Injustice in China
Li Wenzu has spent three years fighting to free her husband – a human rights lawyer. But her hopes for justice are slim
It was a little after 5am on 26 December when Li Wenzu tried to leave her apartment to attend her husband’s trial. She hadn’t slept much for the previous two nights after learning that human rights lawyer Wang Quanzhang would finally face trial after more than three years of waiting in prison. She hadn’t been able to see or speak to him during that time.
Hours before the trial was to begin, Li walked down the seven flights of stairs of her apartment block in Beijing to find more than a dozen plainclothes police and four cars awaiting her outside. She had already been warned by public security agents not to attend her husband’s trial at a courthouse in the northern Chinese city of Tianjin.
After three years of protesting and calling for the release of her husband, on trial for subverting the state, a charge often used for dissidents, Li is used to the police restricting her movements. “Every time it feels different. Today is Wang Quanzhang’s court hearing, which means there could be a verdict. So I am very worried about that as well as his health,” she said last Wednesday.
Li was quickly surrounded by a crowd of journalists and security agents, holding up their phones to film her. As she tried to move, security agents blocked her way. It was clear they were not going to let her leave, and she was forced to return to her apartment.
“My husband is innocent. He was illegally arrested and detained for three-and-a-half years. Throughout this time, the authorities have continued to break the law, forbidding lawyers from seeing him, and cutting him off from all communication. They have deprived him of his rights … I demand Wang Quanzhang be freed because he is innocent,” she said.
Last Wednesday, Wang – who was detained in August 2015 after years of defending political activists, victims of land seizures and members of the banned religious group Falun Gong – faced a closed trial in Tianjin. Police cordoned off the road outside the courthouse. Dozens of plainclothed security guards policed the area.
Before the trial was scheduled to begin, a man held up a sign outside the court that said: “Free innocent Wang Quanzhang.” He was taken away, according to photos posted on social media.
Representatives from the US, Swiss, UK and German embassies were outside the courthouse and were also refused access. The trial, which was scheduled to begin at 8:30am local time, appeared to be over by early afternoon when security cleared.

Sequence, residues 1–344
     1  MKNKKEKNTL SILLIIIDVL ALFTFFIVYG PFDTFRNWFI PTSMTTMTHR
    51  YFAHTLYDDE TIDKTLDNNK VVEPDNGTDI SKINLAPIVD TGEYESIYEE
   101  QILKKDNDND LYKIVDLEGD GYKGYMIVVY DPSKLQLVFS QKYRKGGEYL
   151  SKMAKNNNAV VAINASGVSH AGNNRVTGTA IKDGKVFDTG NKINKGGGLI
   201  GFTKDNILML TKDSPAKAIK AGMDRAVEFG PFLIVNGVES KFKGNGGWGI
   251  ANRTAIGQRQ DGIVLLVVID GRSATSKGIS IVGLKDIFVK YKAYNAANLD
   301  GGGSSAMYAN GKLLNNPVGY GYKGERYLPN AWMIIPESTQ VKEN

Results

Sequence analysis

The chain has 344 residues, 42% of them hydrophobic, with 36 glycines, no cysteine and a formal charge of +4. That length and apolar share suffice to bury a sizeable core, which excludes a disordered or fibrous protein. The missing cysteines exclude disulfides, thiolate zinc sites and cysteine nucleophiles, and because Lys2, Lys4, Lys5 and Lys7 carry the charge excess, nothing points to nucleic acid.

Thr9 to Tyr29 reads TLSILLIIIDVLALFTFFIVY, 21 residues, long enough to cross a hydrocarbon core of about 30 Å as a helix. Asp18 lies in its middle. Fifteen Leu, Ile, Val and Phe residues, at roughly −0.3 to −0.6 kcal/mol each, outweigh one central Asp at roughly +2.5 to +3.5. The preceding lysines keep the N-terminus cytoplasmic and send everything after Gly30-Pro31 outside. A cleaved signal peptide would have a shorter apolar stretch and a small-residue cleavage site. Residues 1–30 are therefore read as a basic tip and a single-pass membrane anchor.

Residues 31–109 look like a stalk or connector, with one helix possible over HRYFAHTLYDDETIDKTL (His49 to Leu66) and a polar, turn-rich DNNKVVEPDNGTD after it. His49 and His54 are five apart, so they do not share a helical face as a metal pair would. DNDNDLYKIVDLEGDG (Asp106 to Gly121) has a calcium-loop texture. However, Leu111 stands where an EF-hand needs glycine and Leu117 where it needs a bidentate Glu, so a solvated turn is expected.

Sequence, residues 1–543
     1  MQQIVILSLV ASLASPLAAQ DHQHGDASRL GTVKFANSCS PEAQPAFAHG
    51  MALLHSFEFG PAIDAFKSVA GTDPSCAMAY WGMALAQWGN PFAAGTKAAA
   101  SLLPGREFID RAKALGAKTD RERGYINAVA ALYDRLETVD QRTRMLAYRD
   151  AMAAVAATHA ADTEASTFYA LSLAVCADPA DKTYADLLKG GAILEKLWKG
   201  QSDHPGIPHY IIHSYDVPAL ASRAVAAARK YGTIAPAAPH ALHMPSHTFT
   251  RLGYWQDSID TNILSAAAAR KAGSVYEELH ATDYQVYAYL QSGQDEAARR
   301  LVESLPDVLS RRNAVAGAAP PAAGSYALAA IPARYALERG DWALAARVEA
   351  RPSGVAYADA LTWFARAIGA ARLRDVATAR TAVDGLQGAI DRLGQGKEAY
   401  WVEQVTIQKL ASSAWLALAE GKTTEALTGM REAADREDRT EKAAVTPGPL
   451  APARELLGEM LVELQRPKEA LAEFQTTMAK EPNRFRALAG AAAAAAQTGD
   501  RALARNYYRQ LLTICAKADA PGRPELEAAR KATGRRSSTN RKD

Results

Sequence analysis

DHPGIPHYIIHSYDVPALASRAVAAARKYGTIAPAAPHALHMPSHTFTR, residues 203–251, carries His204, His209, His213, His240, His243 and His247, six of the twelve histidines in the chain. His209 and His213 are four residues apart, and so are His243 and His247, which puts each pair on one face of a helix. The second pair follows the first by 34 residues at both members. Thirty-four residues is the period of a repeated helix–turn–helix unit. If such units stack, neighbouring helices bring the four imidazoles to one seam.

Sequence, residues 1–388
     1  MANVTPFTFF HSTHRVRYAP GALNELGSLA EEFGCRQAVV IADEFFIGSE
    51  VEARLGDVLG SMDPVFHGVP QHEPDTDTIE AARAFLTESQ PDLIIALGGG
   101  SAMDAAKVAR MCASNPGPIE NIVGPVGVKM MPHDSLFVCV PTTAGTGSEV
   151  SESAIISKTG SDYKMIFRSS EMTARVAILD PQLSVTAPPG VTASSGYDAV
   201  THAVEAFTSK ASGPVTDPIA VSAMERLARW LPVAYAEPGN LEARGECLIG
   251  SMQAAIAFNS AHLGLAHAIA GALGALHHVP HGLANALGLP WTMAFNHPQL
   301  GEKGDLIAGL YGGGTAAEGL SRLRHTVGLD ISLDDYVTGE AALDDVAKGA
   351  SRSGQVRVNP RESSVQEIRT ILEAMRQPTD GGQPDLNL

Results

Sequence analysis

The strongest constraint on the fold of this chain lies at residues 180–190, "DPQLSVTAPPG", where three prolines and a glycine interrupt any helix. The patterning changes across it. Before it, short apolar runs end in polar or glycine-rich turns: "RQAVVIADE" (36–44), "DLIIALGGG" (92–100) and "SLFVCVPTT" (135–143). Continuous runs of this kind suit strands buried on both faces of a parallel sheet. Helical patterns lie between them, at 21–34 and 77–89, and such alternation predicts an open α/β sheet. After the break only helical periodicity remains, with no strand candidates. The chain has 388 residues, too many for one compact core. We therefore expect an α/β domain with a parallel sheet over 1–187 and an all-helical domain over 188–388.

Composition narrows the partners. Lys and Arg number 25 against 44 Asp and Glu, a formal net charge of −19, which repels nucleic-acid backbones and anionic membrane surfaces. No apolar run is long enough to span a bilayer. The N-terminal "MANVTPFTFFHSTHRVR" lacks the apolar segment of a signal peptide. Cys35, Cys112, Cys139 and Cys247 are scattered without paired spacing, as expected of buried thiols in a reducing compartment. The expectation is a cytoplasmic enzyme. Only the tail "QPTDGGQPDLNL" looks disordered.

Wang’s case marks the close of one of the most serious campaigns against activists under president Xi Jinping. He is one of an estimated 250 lawyers and activists detained in the summer of 2015, now known as the 709 crackdown after the first day of the detentions. He was the last of a group still awaiting trial.
According to a copy of his indictment seen by the Guardian, authorities said Wang “seriously harmed the country’s security and social stability” by accepting funds from foreign organisations, training “barefoot” (self-taught) lawyers, representing “cults”, and providing investigative reports overseas. He was also accused of “maliciously inciting” opposition to the government by publishing information online about the detention of four lawyers representing the Falun Gong in 2014.
Wang’s case is also unique for the amount of time he has been held incommunicado. He disappeared in 2015, but it was not until last July that his family knew for sure he was alive when a lawyer and friend of the family was able to see him. Wang’s isolation has also prompted concerns that he has been tortured or subjected to other forms of ill treatment.
A UN rights working group on arbitrary detentions in August called on China to release Wang. The UN noted that authorities had violated Wang’s right to legal counsel of his own choosing by pressuring lawyers to drop his case or detaining them.
Expectations for Wang’s verdict – to be delivered at an undetermined date – were not optimistic. Of the nine lawyers or activists from the 2015 crackdown who have been tried, all have been convicted. Four have been released on suspended sentences, on strict parole, while the others are serving prison sentences. Wang’s charge carries a maximum punishment of life imprisonment.
Last year, Li attempted to walk more than 100km from Beijing to Tianjin to find her husband before she was stopped by police. In December, she shaved her head along with the wives of other lawyers seized in the crackdown in protest of Wang’s treatment – using a play on the word wufa, “without hair”, which sounds similar to “without law”. “I can have no hair, but this country cannot be without law,” she said. LILY KUO IS THE GUARDIAN’S BEIJING CORRESPONDENT
Of the nine lawyers or activists from the 2015 crackdown, all have been convicted
Li Wenzu holds a box with a family picture and her husband’s detention notice